I have always understood that a retweet on Twitter means that you agree with the original tweet. I discovered recently that not everyone agrees–a practice that I believe to be risky.
Using my personal account, I was clarifying with Ashley Csanady (@csanadyRecord) if she agreed with the politicians and activists she retweets. She said didn’t agree and retweeted a variety of parties and positions. Another person mentioned that many journalists did the same with tweets they found interesting. I mentioned that Kady O’Malley (@kady) could speak to how easy it was for a follower to believe they detected bias. That caught Kady’s attention and led to this exchange.
Kady’s response was retweeted by nine others and several people responded to me too. I was surprised by the number of people who considered a retweet to simply be sharing something interesting and that it didn’t mean that you agreed with the original tweet.
Maybe journalists who frequently retweet many different perspectives can do so without being personally connected to the original content, maybe. But it’s a not a practice I recommend for anyone else.
Types of retweets
I’ll explain why but first I would like to quickly review the three types of retweets so that you know when you’re seeing one.
New Retweet – If you retweet from Twitter.com or choose to use the new retweet in the program you use, it shares the tweet with your followers without any opportunity for you to comment. A retweet symbol shows who shared the original tweet. I’ll use this method only if I agree with the original one.
Original Retweet – At one time, if you wanted to retweet it was a completely manual cut and paste process. Using “RT” indicated that you were resending a tweet and you included the name of the user who said it first. Later this process was automated by tools like Tweetdeck. Many people still prefer the original retweet because it allows you to add a comment before or after what you are resending. I prefer this method.
Quote a Tweet – On Twitter for Blackberry, you have the option to quote a tweet and put your comments outside of the quotation marks. I’ll use this method but don’t prefer it.
By definition a plain RT agrees with the original tweet
Think about it. If all I see is a retweet sent from your twitter account, it looks to me that you are sending it because it says something you want to say–maybe even better than you could say it yourself. In short, I see a retweet as indicating that they took the words right out of your mouth.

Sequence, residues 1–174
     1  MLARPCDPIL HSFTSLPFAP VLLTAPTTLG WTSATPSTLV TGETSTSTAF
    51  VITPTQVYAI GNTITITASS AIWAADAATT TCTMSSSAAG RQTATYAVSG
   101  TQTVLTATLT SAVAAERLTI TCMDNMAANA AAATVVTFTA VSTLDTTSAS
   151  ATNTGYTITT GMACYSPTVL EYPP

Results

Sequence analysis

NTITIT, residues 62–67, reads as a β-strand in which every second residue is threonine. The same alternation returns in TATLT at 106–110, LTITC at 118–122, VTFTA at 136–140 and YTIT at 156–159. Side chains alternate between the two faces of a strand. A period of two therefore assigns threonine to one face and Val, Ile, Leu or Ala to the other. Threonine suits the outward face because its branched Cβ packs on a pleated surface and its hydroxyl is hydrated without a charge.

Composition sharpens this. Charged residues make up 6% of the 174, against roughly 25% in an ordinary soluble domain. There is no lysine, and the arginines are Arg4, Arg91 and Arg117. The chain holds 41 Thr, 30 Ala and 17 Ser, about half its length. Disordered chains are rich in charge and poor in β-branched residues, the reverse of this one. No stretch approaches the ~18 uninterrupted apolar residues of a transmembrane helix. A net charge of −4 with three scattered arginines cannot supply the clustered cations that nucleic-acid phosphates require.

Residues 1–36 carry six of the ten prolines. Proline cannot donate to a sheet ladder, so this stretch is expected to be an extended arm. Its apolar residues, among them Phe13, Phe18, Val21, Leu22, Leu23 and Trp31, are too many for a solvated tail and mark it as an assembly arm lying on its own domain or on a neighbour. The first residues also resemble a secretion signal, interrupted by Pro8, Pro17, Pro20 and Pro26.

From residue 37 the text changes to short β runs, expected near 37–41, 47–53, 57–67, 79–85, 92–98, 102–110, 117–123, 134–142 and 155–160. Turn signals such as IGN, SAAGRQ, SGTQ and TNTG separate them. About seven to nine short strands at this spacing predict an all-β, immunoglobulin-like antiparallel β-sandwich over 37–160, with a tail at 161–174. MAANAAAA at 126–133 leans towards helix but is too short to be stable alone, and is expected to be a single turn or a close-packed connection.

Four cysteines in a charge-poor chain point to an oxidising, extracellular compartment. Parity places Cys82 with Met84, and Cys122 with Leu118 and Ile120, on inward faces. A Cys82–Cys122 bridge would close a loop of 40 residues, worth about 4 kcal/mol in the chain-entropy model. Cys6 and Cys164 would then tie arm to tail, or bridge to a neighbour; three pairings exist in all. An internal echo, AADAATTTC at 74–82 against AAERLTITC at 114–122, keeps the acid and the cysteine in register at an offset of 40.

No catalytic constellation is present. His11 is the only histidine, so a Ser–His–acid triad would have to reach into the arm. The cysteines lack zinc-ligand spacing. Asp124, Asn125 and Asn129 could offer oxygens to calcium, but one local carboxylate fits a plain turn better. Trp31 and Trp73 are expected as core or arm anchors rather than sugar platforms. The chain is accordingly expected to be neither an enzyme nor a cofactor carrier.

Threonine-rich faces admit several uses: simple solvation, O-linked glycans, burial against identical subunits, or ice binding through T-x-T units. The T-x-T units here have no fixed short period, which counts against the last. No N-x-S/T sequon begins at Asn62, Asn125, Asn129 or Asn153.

How am I to know any differently? I can’t read your mind to know that you think it’s amusing or that you think the person who sent the original tweet is an idiot. I may not follow you closely enough to see the other tweets/retweets you send that show your own position so I don’t have any clues that what you retweeted doesn’t reflect your thoughts.
Other people may see what you retweeted through a search or someone may capture just that one tweet to share, for example, in a blog post. People seeing it in these circumstances have no idea why you retweeted it. But they see your name attached to the content and it’s the norm to expect it reflects what you think.
If you don’t agree with what you retweet, do you want to take the chance that someone will think you agree with it?
Add comments to your retweets
I strongly encourage you to add comments to your retweets even when you agree with them. When you include a comment, you add value to the original. And social media is all about providing value to the others in your network.
A comment also allows you to give some context to why you are retweeting something. “Can you believe this?”, “my thoughts exactly” or “an interesting read” lets your followers know what you were thinking and why you are sharing something. It also avoids the potential for confusion if someone sees your retweet in isolation.
Your comment can go before “RT” which is what I prefer but it can also go after the original tweet with something like “/” to show where your comment starts.
Few rules in social media but many best practices
Not everyone will agree with me. Social media and how it is used tends to be unique to the person using it. There are few rules that you must follow but there are best practices and I’m confident that what I’m sharing here is one.
At the same time, social media and how it is used is continually evolving. And there may be differences that are acceptable depending upon the hat you are wearing. For example, the conventions for journalists do seem to make retweeting without comment ok even if you don’t agree.
Kady and Ashley can continue to do so if they like but I won’t.
Next Social Media Breakfast features a journalist panel
What a retweet means is just one of the new considerations for journalists using social media. There are many others so the next Social Media Breakfast: Waterloo Region will have a several journalists on a panel to discuss how their job has changed with the rise of social media. They will also explore how social media has change media relations for the rest of us. It’ll be October 18 at the Kitchener Market.